The Redhead must have weighed all of 50 pounds. He was struggling mightily to unseat his dark-haired opponent, same size, who was clamped cowboy-style on his back, hanging on for dear life. They were tumbling on the red vinyl mat in the wrestling room at the Haverford School’s Ryan Gym, grunting and groaning, obviously having a grand time and hopeful that the noise of their struggle would attract the attention of the man sitting on the bench. It did.
“See those kids on the mat?” asked the man. “That’s the age to get them interested in wrestling… interested enough to talk about it at home. Then, by the time they’re old enough to wrestle in high school, the parents are conditioned to the idea that wrestling is a sport instead of the freak exhibition you see on TV all the time. They don’t object.”
The man was Neil Buckley, coach at Haverford and probably one of the most successful prep school wrestling coaches in the business. Since 1951 his teams have won 88, lost 6, tied one and have been perennial winners of the Philadelphia Inter-Academic League wrestling title.
An excerpt from Sports Illustrated Magazine
February 25, 1957 Issue
Neil’s first team
In the Winter of 1947 Neil Buckley, a non experienced wrestler and coach, decides to start a wrestling program at The Haverford School. Wrestling, at this time, was not a popular in the Philadelphia area and at a conservative all boys main-line preparatory school nearly impossible to gain support. His first team included John Newhall, Bill Fortenbaugh, Dick Dillon, John Davic, Larry Dillon and Mike Laws. No one, not even Neil, could have predicted the legacy that was about to be created. Neil is often credited as The Godfather of Wrestling in the Philadelphia Surburban area.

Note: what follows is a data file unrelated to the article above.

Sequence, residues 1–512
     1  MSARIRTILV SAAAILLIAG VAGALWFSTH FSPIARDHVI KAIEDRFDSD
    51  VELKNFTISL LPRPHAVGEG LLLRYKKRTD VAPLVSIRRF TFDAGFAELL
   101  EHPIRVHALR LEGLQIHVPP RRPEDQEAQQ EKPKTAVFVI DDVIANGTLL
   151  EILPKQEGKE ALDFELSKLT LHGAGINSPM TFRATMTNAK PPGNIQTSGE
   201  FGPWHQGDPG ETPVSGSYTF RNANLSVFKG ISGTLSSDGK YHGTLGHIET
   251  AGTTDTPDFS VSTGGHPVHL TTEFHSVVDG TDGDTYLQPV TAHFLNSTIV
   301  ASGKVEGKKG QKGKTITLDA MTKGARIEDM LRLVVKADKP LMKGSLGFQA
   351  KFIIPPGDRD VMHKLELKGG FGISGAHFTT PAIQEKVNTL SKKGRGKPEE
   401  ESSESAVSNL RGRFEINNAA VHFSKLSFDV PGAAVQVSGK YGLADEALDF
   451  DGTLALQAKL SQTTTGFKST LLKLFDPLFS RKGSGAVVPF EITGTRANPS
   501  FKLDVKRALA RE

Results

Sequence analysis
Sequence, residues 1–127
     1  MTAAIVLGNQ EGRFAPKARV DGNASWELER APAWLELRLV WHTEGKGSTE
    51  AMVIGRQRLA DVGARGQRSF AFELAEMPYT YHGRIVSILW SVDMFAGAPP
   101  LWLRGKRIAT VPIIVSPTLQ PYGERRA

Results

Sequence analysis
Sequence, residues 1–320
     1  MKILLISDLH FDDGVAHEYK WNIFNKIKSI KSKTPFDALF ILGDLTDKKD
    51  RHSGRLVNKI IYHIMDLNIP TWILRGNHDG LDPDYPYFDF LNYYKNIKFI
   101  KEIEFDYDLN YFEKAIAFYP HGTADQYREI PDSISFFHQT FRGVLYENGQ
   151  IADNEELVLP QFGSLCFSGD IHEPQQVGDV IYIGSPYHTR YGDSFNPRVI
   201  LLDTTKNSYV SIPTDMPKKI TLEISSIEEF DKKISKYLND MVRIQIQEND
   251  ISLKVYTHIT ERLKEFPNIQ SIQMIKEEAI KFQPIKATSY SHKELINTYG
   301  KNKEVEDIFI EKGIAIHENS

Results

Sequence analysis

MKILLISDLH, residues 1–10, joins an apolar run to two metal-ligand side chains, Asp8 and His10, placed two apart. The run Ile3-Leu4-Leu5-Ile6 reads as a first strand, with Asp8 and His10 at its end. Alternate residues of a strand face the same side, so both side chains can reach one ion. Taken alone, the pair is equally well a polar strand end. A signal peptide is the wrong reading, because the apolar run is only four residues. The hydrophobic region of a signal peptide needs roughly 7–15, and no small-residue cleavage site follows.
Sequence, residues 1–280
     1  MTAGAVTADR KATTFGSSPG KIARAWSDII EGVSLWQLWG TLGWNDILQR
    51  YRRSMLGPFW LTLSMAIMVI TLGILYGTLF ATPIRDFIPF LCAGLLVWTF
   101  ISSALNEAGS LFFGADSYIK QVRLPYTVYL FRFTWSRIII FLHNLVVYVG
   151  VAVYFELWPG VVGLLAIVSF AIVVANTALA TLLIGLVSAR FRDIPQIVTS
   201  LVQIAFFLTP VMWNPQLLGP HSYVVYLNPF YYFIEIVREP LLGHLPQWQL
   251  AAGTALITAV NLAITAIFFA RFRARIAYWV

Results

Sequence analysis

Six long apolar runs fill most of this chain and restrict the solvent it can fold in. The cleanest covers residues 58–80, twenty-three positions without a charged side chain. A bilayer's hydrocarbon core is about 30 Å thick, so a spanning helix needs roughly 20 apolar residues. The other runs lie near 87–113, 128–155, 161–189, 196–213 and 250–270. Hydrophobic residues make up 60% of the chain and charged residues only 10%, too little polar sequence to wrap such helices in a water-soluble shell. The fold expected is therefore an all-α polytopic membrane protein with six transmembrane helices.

Haverford School’s undefeated wrestling team defeated St. Andrew’s, 36-0 for Neil’s 100th win. Bill Burham, Tag Geer, and Tom Webster won bouts by pin. This team won the Inter-Ac and were the Episcopal Invitational Champions for the 7th straight year.
“The Wrestling team this year had one of its usually successful seasons, for it was undefeated in 15 meets. Invincible Coach Neil Buckley modestly admits that his team is the best in the school and he proved it when this year’s experienced squad showed prowess in both wrestling and sportsmanship.”
– 1957 Haverford Year Book
The 1964 team continued the winning tradition by notching the program its 14th InterAc championship (in a row). By the end of the season the program also continued its streak of winning 51 straight League matches. The varsity team included: Nick Selby, Terry Godfrey, Jack Bentz, Nick Pierce, Jeff Pfaeffle, Dave Johnson, Bob Crozer, Stevens, Taylor and Hunt.
The 1971 team were InterAc champions for the school’s 21st consecutive title. The team also continued the incredible streak of League matches won in a row to 89. Varsity team members included: Chuck Yarnell, Boyle, Rick Schifter, Leig Hopkins, John Middleton, John Lieberman, George Grey, Art Garwood, Bob McCafferty, Peter Mahoney, Williams, Peter Johnson Phil Byrnes and Dick Morsbach.
Haverford Wins a National Title
Inter AC Champions 23 Straight Years
99 Straight league matches won